This is "A Christmas Carol" for employers. Based on a true story. Only the names are changed . . . well, and some details . . . to protect the guilty. The part of Scrooge is played by an ungrateful employee. Bob Cratchit is played by the magnanimous employers. Mrs. Cratchit will appear as Tiny Tim. This is a story of a generous employer taken advantage of by a selfish employee. But just as in the original Christmas Carol, goodness prevails.
Scrooge has been working for Cratchit & Co. for nearly 10 years, and has been an instrumental player in the growth of the business. It's not a big company, nor can we really say it's thriving during the "economic downturn", but it is surviving. Bob Cratchit has shown his appreciation by letting Scrooge occasionally take time off for personal business. A half day here, a half day there. Other employees cover when Scrooge is gone, but he's never gone long enough to threaten the smooth operation of the company. And thank goodness. No one else knows everything that Scrooge knows: payroll, accounts receivable, personnel record-keeping; Scrooge has the institutional knowledge of the business.
Even Bob Cratchit thinks Scrooge is indispensible. He praises him regularly, so we can tell. They feel like family. In fact, when Mrs. Scrooge was pregnant this last time, Cratchit & Co. gave Scrooge some extra time off with pay, so he could be home for a while to bond with the baby. Scrooge doesn't express it, but Bob knows he's grateful.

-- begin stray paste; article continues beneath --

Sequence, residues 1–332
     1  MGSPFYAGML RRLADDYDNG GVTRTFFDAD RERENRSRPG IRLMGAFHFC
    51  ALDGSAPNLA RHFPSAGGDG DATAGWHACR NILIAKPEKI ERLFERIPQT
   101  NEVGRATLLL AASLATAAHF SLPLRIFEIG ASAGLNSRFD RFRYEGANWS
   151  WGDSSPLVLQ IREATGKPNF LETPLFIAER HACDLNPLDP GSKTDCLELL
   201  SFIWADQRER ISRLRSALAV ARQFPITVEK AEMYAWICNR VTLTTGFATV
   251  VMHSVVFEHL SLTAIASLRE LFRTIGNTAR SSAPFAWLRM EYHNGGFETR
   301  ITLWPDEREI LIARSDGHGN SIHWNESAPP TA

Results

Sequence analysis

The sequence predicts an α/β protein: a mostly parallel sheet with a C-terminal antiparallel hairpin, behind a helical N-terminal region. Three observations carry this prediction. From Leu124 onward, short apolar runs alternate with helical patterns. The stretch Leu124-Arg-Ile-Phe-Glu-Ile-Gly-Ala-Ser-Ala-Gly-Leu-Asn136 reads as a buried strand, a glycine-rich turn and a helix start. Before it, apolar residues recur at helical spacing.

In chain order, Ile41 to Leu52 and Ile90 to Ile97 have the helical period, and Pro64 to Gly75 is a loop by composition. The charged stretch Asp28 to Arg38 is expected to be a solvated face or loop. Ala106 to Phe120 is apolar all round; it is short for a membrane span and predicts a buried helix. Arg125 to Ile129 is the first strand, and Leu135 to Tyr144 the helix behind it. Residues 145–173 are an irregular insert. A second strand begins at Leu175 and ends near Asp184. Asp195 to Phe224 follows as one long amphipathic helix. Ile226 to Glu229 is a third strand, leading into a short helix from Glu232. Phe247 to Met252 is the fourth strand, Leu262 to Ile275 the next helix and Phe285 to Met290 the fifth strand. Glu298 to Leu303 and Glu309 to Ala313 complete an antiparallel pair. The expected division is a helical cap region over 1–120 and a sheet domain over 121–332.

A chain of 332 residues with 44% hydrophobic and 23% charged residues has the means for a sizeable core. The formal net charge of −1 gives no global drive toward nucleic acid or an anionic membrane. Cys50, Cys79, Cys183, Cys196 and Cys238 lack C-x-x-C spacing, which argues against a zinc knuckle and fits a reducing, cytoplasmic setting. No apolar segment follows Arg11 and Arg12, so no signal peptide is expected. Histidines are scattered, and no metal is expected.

Life was lovely down at Cratchit & Co. Then the unimaginable happened: Scrooge got a hobby. Suddenly his periodic days off were not enough. He demanded a shorter workweek. "But we can't afford to have you gone that much," Bob Cratchit told him. "You know too much and we can't imagine getting along without you."
Yes, that was his mistake. He said it out loud. He never dreamed it would backfire. How can good works come back to bite you? With the growing demands of his family and hobby, Scrooge began to resent the Cratchits. Every request was a demand, now. Every deadline a curse, and every question an insult to his intelligence.
Work became less lovely at Cratchit & Co. Scrooge was resentful and tired, what with playing twilight golf and sitting up with the baby. Bob Cratchit's suggestions about playing less golf or sharing the family duties were met with derision and disdain.
Scrooge kept getting surlier and Bob Cratchit kept trying to help, even having his wife come in to take over some of Scrooge's duties. Nothing was enough.
Then Scrooge hatched a sly plan. "The Cratchits love me and want to help me. I will ask for a temporary lay-off. I can collect unemployment for a while; have all the time I want to play golf and play with the baby. Then I can come back after a few months. I am indispensible, after all. Mr. Cratchit said so."
Bob and Mrs. Cratchit, still wanting to help, went along with a no-fault separation, but they did not commit to a re-hire. That made Scrooge mad. On his EDD claim, he stated his reason for quitting was the Cratchits' fault. He claimed a stressful, even hostile work environment and broke the Cratchits' hearts.
But as the ungrateful Scrooge drove out of sight, chuckling with Mrs. Scrooge that "Our problems are over!" Mrs. Cratchit was heard to say "It won't stop me from loving and trusting people."
God bless us every one. (That last line came from me.)